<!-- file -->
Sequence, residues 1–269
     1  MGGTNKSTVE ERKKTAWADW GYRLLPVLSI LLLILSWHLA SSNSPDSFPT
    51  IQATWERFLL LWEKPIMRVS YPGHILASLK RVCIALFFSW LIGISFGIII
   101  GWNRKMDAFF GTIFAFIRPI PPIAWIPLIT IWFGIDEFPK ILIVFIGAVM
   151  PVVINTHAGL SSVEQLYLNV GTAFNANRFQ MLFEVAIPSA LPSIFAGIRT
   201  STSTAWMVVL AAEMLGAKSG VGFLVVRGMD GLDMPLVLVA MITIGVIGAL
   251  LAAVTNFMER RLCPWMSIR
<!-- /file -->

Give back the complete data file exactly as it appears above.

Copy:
Sequence, residues 1–269
     1  MGGTNKSTVE ERKKTAWADW GYRLLPVLSI LLLILSWHLA SSNSPDSFPT
    51  IQATWERFLL LWEKPIMRVS YPGHILASLK RVCIALFFSW LIGISFGIII
   101  GWNRKMDAFF GTIFAFIRPI PPIAWIPLIT IWFGIDEFPK ILIVFIGAVM
   151  PVVINTHAGL SSVEQLYLNV GTAFNANRFQ MLFEVAIPSA LPSIFAGIRT
   201  STSTAWMVVL AAEMLGAKSG VGFLVVRGMD GLDMPLVLVA MITIGVIGAL
   251  LAAVTNFMER RLCPWMSIR